I would like to suggest a pulse theory. I have never read this, but I am sure it exists.

Instead of information coming in steady streams. Consider it flowing in pulses. Many people understand pulses - head aches, migraines, etc. The informations pulses towards you. It is filled (heavy) and you are attempting to filter it, to make sense of it, before you get pulsed again. The actual receiving of information interferes with your sorting work. (Picture someome working at the bottom of a conveyor belt with random stuff of different sizes coming at random times. It is an effort. Something that you work at, but it is tiring and takes its toll.

The other suggestion I would like to make is comparing it to bandwidth. When digital information is sent and received it depends on the bandwidth. A great deal of information can be sent but it depends on the size of the receiver. If the receiver is small then less bandwidth is used. The receiver may be huge, but if the sender (transmitter) is small then it starts small and stays small.

If we consider our senses (whatever number you choose - smiles) as the bandwidth, then some of us have larger and small receivers and transmitters.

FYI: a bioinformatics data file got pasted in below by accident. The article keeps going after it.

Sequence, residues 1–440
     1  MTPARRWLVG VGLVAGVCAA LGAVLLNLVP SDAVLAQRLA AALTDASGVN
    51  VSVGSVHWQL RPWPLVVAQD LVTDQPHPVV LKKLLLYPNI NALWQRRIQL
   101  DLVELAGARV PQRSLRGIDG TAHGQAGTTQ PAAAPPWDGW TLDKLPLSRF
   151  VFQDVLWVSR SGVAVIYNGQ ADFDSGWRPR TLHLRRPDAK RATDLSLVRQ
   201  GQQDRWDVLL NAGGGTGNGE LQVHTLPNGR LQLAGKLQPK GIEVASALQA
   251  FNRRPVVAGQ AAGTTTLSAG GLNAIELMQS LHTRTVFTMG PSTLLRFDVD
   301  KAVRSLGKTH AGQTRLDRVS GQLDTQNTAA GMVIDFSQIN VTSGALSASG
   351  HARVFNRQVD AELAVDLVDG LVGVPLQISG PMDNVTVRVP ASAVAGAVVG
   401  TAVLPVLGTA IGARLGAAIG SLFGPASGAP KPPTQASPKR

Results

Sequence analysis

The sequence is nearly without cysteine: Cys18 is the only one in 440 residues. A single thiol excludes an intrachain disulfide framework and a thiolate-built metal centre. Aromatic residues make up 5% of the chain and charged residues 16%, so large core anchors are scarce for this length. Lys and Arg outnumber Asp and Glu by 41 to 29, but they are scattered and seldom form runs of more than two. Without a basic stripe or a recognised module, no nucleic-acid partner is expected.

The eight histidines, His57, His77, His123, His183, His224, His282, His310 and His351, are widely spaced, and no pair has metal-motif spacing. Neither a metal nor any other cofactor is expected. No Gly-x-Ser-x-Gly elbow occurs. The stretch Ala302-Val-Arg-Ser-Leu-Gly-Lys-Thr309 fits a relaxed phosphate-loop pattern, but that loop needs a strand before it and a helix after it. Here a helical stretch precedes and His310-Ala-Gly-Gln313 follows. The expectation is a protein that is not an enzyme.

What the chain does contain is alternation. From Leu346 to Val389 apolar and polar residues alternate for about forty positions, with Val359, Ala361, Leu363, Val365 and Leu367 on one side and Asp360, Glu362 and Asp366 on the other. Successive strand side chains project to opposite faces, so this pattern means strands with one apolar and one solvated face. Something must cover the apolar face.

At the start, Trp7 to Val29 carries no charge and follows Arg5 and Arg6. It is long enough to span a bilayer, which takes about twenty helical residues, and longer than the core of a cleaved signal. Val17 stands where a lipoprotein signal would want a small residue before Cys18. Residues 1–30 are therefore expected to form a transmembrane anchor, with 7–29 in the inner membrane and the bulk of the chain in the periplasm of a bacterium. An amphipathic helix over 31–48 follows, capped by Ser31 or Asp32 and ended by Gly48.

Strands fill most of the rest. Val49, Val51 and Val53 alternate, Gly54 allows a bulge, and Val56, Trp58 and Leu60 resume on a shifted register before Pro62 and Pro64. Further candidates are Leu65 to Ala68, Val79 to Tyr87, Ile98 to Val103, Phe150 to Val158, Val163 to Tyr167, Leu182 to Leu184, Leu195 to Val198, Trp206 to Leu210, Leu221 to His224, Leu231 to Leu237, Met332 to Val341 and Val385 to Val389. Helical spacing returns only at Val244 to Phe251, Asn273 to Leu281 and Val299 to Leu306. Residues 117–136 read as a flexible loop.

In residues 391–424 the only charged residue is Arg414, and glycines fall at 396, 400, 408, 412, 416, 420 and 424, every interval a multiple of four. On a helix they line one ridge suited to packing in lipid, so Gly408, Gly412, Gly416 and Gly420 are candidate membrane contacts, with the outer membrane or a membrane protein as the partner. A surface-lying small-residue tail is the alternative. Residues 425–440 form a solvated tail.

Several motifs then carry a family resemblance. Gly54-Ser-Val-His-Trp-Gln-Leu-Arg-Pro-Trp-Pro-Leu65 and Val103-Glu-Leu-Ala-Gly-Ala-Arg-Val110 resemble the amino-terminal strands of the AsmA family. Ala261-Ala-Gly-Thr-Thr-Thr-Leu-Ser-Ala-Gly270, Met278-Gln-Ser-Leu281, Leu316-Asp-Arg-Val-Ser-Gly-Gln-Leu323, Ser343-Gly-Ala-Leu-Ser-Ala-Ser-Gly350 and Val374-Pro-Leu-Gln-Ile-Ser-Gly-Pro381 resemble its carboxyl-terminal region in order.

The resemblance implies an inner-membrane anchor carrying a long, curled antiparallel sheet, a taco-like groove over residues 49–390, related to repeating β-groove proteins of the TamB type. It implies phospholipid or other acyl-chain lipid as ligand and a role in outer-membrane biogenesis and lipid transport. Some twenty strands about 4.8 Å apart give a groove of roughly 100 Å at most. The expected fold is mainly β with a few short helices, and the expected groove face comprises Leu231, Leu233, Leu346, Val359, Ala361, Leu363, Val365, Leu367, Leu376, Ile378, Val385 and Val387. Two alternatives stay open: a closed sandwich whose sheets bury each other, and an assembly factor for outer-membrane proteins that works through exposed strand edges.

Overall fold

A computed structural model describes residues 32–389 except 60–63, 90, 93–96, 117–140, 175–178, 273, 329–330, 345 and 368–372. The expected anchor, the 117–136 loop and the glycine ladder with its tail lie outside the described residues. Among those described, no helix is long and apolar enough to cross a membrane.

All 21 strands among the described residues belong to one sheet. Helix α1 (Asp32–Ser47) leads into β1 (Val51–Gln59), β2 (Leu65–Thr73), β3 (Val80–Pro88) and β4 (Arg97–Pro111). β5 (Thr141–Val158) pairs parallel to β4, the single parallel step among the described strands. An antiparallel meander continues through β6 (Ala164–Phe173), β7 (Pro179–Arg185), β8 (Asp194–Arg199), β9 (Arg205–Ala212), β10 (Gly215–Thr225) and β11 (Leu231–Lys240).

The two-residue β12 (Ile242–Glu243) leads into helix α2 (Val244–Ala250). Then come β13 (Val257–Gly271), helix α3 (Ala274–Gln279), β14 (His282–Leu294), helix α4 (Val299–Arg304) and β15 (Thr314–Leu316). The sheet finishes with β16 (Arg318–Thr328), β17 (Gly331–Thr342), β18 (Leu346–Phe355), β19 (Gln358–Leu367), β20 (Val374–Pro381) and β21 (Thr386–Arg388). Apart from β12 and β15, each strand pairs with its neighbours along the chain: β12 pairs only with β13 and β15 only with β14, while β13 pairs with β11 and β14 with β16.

Now as senders and recivers, unfortunately we do not have the same bandwidth (blame genetic code - smiles), so we make mistakes when dealing with data.

Maybe as we evolve... we will build the proper infrastructure so that the communication is better, but for now, we are limited to transmissions that are at times less than perfect.

Cheers - El Lamo
Life is a system of circumstance presented coincidently in an illusory way.
sjdavison
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Derren Brown and Richard Osterlind (and I'm sure others) have talked about this, as well as 'taking shots'. I agree that a deliberate near miss can make the rest of an act all the more powerful, but why not throw in the element of chance? Have a simple guess during an effect, and if you hit, then you have an absoulutely clean miracle, and if not, then it is the same as a deliberate miss anyway.
Just a thought,
Simon, 21, UK
Simon, 32, UK



www.sidavisonmagic.com
bevbevvybev
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My pencil reading for one ahead is about 75% accurate. If I do 5 numbers, I'll get 3 dead on and two I'll either get a 6 & 9 mixed up, or a zero and a 6 mixed up.

The fact that you are nearly all correct really gets the specs brain ticking over. If it were perfect it would just be a trick and the spec wouldn't think. But the closeness...
drosenbe0813
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I don't know about you guys, but my wife hates the idea that I am 'wrong' sometimes. She says it just looks like I failed...even when the failure is part of the presentation (a la anagrams.) Has anyone actually asked an unbiased audience member what they think when you 'fail' occasionally?